The drugs Yaz and Yasmin continue to be associated with a thickening of the blood, a raise in blood potassium and the increased potential for stroke. A stroke is a debilitating event that can lead to extensive, long-term consequences if not outright death in patients afflicted. It can be terrifying to experience, and can take an extensive amount of time to recover from. The therapy required for rehabilitation after a stroke is both mental and physical in nature, and can pile up costs very quickly for patients who aren’t prepared for such an eventuality.
One of the more common results of a stroke is paralysis or at least a reduction in function in the limbs. This can take the form of delayed responses, limb shaking or displaying weakness in picking up objects, as well as a complete lack of sensation or ability to raise the affected extremity. Depending on the severity of the condition, this can sometimes be treated with physical therapy and strength-building exercises.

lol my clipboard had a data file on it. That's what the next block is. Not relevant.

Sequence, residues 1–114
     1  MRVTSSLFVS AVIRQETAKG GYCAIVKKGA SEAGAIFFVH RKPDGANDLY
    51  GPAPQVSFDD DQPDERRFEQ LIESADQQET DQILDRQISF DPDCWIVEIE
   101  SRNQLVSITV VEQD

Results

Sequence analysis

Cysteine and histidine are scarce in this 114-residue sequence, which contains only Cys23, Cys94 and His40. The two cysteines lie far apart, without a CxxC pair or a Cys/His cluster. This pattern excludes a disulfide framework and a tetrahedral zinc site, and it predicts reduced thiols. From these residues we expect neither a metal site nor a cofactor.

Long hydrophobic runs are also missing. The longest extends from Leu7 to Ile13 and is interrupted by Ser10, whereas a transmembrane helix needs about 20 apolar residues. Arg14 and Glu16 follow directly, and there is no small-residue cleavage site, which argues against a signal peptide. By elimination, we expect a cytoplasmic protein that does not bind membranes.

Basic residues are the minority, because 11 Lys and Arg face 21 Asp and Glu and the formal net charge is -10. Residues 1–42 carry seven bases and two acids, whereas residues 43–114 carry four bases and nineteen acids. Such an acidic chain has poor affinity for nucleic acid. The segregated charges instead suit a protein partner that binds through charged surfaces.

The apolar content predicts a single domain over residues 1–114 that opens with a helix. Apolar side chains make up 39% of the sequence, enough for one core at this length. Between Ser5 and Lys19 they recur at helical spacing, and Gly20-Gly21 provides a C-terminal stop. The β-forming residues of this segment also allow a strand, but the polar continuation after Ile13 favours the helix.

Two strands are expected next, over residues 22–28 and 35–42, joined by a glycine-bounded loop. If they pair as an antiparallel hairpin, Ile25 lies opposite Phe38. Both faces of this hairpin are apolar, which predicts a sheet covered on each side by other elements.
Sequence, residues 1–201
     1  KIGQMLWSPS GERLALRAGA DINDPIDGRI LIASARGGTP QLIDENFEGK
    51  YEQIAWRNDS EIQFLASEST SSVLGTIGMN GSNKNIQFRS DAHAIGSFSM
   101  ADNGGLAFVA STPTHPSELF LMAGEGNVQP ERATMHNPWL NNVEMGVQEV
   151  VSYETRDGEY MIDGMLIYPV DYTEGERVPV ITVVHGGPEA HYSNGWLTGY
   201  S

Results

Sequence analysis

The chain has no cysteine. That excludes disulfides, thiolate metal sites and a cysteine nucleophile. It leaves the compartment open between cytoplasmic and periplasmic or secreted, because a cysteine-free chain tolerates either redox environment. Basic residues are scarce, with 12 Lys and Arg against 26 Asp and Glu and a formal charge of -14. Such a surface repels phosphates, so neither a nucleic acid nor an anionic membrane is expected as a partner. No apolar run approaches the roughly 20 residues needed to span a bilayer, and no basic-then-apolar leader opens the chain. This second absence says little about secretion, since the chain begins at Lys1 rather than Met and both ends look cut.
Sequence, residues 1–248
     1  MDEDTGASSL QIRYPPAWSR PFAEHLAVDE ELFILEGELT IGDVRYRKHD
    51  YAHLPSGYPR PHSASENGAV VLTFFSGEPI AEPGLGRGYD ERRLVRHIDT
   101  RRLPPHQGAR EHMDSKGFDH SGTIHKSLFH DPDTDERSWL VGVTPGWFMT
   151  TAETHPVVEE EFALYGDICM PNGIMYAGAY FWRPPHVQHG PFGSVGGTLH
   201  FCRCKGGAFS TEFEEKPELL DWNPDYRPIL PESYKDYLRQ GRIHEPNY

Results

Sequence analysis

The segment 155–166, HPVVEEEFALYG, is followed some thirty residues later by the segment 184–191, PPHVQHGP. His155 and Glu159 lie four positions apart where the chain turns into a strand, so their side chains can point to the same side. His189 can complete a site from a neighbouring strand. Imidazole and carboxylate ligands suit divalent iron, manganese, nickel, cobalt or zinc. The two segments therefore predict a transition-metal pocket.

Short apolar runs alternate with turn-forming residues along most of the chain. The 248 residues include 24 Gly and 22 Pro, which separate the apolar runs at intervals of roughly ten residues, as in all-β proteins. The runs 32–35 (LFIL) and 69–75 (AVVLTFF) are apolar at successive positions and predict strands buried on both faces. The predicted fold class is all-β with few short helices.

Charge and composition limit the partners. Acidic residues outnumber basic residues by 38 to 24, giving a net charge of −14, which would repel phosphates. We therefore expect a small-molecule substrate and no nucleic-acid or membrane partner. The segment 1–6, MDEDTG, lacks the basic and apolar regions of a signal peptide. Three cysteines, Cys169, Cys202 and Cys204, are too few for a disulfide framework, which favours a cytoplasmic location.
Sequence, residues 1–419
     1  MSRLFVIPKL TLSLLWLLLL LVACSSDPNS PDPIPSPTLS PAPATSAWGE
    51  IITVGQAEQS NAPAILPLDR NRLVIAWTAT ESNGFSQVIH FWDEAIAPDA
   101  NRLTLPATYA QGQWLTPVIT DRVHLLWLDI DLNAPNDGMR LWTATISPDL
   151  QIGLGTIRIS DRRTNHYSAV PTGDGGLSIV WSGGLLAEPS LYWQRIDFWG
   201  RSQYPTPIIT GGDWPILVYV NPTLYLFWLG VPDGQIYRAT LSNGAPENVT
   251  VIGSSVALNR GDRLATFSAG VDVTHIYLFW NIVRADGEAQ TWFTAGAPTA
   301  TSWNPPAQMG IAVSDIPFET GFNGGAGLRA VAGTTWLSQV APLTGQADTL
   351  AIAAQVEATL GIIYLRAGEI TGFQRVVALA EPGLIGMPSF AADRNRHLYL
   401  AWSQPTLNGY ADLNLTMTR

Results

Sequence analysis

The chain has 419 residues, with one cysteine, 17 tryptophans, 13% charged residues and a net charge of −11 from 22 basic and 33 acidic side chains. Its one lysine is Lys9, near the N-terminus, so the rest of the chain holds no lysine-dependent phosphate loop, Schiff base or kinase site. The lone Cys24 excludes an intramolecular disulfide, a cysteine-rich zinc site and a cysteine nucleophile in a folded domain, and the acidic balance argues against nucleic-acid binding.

Another condition that isn’t quite as well understood, and thus is no less difficult to treat, is aphasia. Aphasia is the inability to comprehend words. There are two broad types of the condition, spoken and written. Spoken aphasia indicates the inability to understand what you or others may be saying. Written aphasia is the inability to read or write coherently because the words “just look wrong.” Either one can be a terrifying experience, because they entail having to learn how to use language all over again in some cases. The physical effects of a stroke are bad enough, but to throw in an inability to communicate is an exceptional burden.
Physical and mental therapy takes a lot of time. There are no quick answers or easy solutions for people whose bodies have been debilitated by a stroke or hemorrhage in the brain. With this in mind, the risks of Yaz and Yasmin can quickly be seen as being somewhat unbearable.